The Craig Fahle Show

Craig Shares His Thoughts on The Newtown Tragedy

December 17, 2012

Craig Shares his personal thoughts and feelings about the tragedy in Newtown, Connecticut on Friday.

Shock. Anger. Incredibly deep sadness.

As the news from Connecticut unfolded Friday, the emotions were immediate, and intense. I am the husband of an elementary school teacher, and the father of a school-age son. My first thought was to gather them around me, and be thankful for each moment I have with them. My next thought was different. I am disgusted that I have to worry about something like this happening to either of them. I am nervous, angry, and frankly shaking at the thought of having to explain to my son that someone out there may want to harm him some day for no other reason than he might be standing in the line of fire. As I struggled mightily with my own emotions, I thought that maybe I should take a deep breath, and try to calm down before I wrote this. No way. Enough. NOW is the time to talk about this. While the emotions and sadness are still raw, and very real.

I don’t pretend to have answers on how to prevent mass shootings. But saying I don’t know the answer is a cop-out. It is a truly lame excuse to take no action. When is it enough? The list is long: Connecticut, Virginia Tech, Arizona, Columbine, Fort Hood, Tucson, the Royal Oak post office: 61 mass murders since 1982. I think the thing that troubles me the most in going through that obscenely long list is how many I had forgotten. I wonder if I’m alone in that. Every time it happens we are coarsened even further. This one, though, has me truly shaken. These were elementary school kids: kindergartners. Might this be the catalyst to finally wake us up to the fact that there have to be ways to deal with this? And yes, I said fact. We can do something to reduce the likelihood that this can happen again.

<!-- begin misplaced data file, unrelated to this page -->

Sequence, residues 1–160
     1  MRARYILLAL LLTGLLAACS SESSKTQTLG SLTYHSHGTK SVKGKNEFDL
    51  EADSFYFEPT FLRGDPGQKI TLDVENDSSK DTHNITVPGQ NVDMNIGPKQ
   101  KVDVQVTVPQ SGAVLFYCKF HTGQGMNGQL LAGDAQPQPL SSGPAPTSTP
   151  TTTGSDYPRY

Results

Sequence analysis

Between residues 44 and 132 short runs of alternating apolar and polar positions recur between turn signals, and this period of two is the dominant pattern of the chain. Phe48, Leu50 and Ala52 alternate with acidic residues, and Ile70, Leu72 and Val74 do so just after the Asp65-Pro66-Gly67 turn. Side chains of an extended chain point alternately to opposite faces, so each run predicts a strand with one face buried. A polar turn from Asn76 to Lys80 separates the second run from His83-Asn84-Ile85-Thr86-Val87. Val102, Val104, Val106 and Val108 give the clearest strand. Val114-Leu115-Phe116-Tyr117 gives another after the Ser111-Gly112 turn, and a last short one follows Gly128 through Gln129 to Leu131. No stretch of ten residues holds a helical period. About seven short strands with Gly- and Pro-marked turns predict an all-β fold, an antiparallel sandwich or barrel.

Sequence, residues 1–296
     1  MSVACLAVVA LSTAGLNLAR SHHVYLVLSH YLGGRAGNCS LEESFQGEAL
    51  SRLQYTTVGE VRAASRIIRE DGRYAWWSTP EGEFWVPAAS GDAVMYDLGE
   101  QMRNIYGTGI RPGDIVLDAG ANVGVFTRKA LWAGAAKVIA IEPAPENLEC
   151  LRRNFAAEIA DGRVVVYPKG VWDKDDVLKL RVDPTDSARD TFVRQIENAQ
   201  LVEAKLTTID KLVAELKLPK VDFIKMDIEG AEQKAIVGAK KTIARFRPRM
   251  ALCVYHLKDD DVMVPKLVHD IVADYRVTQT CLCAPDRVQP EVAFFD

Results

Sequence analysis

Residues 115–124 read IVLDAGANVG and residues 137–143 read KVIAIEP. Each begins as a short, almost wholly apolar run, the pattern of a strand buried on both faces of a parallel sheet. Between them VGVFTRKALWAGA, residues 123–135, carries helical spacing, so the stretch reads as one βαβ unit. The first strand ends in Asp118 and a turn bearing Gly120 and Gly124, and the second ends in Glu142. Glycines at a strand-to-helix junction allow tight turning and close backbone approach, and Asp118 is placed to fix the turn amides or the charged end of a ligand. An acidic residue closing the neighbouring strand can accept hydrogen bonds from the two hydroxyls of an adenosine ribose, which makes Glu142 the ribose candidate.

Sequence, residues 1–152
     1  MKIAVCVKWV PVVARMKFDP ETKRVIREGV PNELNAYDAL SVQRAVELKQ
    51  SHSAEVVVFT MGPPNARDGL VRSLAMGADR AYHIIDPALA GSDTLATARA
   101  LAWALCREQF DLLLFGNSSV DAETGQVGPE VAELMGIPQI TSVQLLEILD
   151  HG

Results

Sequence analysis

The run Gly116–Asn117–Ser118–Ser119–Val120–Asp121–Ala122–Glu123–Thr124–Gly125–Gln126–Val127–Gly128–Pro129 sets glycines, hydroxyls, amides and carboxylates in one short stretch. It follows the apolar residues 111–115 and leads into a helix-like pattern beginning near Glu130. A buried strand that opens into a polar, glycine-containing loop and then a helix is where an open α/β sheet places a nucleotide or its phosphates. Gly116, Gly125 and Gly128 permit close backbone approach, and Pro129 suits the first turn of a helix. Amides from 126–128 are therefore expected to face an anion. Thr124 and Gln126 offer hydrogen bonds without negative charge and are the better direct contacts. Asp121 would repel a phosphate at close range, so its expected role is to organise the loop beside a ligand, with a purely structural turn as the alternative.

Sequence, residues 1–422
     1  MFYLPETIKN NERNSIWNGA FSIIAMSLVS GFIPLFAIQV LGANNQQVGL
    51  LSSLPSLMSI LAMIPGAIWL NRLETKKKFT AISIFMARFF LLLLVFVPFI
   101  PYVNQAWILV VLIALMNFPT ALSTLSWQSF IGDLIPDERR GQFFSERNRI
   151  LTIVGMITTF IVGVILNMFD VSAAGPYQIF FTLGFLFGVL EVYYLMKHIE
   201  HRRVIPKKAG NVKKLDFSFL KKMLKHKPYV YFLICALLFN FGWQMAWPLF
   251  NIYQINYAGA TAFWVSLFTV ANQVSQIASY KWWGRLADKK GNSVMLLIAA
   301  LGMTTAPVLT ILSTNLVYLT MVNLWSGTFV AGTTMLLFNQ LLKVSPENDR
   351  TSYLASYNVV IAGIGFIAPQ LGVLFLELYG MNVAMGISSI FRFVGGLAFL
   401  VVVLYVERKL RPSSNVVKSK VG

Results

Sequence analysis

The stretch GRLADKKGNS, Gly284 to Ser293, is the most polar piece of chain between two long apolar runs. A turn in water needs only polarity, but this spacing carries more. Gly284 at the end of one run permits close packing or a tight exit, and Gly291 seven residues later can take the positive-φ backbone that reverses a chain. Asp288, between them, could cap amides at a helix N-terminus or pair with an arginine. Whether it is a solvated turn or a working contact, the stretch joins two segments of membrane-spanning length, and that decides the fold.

We may never be able to prevent mass shootings entirely. But there have to be some proactive steps we can take to make them a lot more difficult to carry out. Guns are a part of our culture. I don’t see that changing. What can change is our attitude about what types of guns and ammunition are acceptable in our society. Assault weapons, high capacity magazines, armor piercing bullets: does the average citizen need these things for any real reason? These types of advancements in gun technology exist solely for one purpose, to make guns more efficient at killing people.

Reasonable restrictions on weapons and their availability should not be too poisonous to discuss, or too politically dangerous to debate. This is not a discussion about taking away second amendment rights. That right will continue, but it’s important to remember that the right to bear arms is not absolute. The government has long had restrictions on the types of weapons allowed in the hands of private citizens. This isn't about eliminating guns. That’s impossible in this country. But maybe, just maybe, we begin to reflect on the gun fetish that exists in America. It’s not about a well-regulated militia, or even the fantasy of protecting oneself from a tyrannical government anymore. One of the outcomes I would like to see coming out of this tragedy is that we, as a society, are willing to turn and call the apocalyptic, paranoid fantasy of a United Nations/ U.S. Government conspiracy what it is --a twisted and dangerous delusion that has provided energy and support to the most extreme elements of the gun lobby. What are you stockpiling ammunition for?